It helped that she was a first-generation immigrant herself. Sussan Lee could settle into a conversation with her client, a West African immigrant, about the oddities of everyday American life. They had that kind of newness in common.
But the similarities ended there. Lee had emigrated from Korea easily as a child. Her client was pushing through a years-long process. Strangers were asking him to detail the ways in which he was persecuted for his sexual orientation—first one pair of students, then another, and then finally, at the end of the process, a judge.
“It affected me a lot to see how I had sort of sailed through the immigration process based on my parents’ work, when this person who was right around the same age as me, and really arguably needs to stay in the U.S. a lot more than me, has to jump through a lot more hoops to do so,” Lee said.
After graduation, Lee became a fellow with the Immigrant Justice Corps, the country’s first fellowship program dedicated to meeting the need for quality legal services for immigrants; she worked mostly with Korean and Chinese immigrants at the MinKwon Center for Community Action in Queens. From there, she moved to a public defender office in Queens, where she provided noncitizen defendants with immigration consequences advice.
It was frustrating work. Many of the defendants came in with deportable offenses already on their records—a result of poor legal advice early on. And though the offenses were often minor, and decades old, the only way to help them avoid deportation was to refer them to a public defender at the appellate level, who could then work to vacate their prior convictions.
So when Lee spotted an opening at the appellate level, she jumped at the chance to do the work herself.
“It really feels like the Hail Mary pass,” said Lee, of vacating prior convictions. “For a lot of our clients, this is the only thing that can potentially give them an avenue for staying with their families.”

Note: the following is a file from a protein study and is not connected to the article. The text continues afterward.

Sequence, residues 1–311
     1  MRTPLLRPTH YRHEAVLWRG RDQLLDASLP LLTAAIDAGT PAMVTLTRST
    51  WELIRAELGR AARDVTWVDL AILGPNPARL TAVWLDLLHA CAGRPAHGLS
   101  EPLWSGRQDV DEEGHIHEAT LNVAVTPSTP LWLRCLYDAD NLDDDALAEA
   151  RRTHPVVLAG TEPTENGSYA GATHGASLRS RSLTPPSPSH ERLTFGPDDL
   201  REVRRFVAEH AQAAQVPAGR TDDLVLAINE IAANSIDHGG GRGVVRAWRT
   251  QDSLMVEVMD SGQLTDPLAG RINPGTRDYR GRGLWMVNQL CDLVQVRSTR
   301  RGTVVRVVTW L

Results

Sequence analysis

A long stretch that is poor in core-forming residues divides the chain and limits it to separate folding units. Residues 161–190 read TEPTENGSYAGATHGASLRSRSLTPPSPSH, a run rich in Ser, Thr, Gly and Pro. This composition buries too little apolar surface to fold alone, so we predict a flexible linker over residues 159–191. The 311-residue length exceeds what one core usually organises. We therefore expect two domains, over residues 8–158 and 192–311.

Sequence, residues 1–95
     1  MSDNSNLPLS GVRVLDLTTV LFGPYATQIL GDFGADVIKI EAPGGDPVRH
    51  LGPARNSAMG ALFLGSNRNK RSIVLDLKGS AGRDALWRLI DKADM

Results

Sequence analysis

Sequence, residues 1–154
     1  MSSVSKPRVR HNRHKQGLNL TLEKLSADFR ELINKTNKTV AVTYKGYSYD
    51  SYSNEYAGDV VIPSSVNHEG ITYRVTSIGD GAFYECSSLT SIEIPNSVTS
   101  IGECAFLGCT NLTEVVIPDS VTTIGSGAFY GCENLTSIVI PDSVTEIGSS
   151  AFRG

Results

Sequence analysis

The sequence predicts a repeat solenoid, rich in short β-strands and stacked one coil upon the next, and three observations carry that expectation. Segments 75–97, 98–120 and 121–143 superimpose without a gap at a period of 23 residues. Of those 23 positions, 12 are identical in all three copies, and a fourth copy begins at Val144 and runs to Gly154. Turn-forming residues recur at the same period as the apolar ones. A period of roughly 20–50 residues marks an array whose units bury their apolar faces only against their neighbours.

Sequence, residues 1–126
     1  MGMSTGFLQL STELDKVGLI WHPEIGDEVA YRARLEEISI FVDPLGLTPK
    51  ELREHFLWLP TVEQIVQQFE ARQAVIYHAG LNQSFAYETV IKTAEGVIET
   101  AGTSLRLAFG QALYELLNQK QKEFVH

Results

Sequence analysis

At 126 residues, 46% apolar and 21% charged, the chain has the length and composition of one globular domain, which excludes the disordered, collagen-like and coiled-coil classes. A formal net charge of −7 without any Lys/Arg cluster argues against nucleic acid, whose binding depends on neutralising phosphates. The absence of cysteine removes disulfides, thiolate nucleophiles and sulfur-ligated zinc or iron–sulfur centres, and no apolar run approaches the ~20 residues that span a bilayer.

It takes time—tracking down the original defense attorney, trying to locate a case file that’s often decades old. And in today’s immigration court, Lee said, there is not much time to go around. Judges are under pressure; cases are moving forward fast. And there are other complications that came with the new administration.
There was a time, not too long ago, when the courthouse was a safe space for Lee’s clients. Of all the obstacles they faced as immigrants charged with a crime, they did not have to worry about the walk to the courtroom. They did not have to worry about getting the opportunity to present their case.
Now plainclothes ICE officers have taken to waiting in courthouses, arresting immigrants charged with deportable offenses as they walk in. Since 2016, New York has seen these arrests increase 1,700 percent.
She had sailed through the immigration process, and it seemed unfair her client had to jump through so many hoops.
Given that, Lee said, lawyers are forced to make their clients aware that, if they fight the charges against them, they are putting themselves at risk by having to return to court repeatedly as the case progresses.
“It really puts them between a rock and a hard place,” said Lee, who helped write a New York City Bar Association report on this issue. “Some people are so petrified at the prospect of getting arrested that they’ll say, ‘I just want to be done with this and never come back and not put myself at that risk.’”
The directive has been challenged in a number of jurisdictions, including in New York and Massachusetts, but the practice is ongoing. HIRC filed an amicus brief challenging it, arguing that the chilling effect prevents immigrants from asserting their right to due process.
Despite the obstacles facing her clients, Lee’s office has a high success rate. And when she finds herself in a tough spot, Lee herself has a mentor: Phil Torrey, director of HLS’s Crimmigration Clinic.
“Because I know him to be the subject-area expert, I sometimes reach out to him about cases I have here,” said Lee. “My hope is that if he ever has clients that have New York convictions, I’ll be able to return the favor.”
View additional profiles from our story, Prepared for the Challenge, including:
Brianna Rennix ’18, Staff Attorney, Dilley Pro Bono Project, Dilley, Texas: “Policies that are words in the news impact our work within 24 hours and alter what our clients have to prove.”
Mark Fleming ’97, Partner and Vice Chair, Appellate and Supreme Court Litigation Practice, WilmerHale, Boston: “The client deserves—and should be given—a direct role,” he said. “The result is better for it.”
Gianna Borroto ’11, Senior Attorney, National Immigrant Justice Center’s Federal Litigation Project, Chicago: “Seeing all the policy changes and how they were impacting my clients, I felt like I needed to do more.”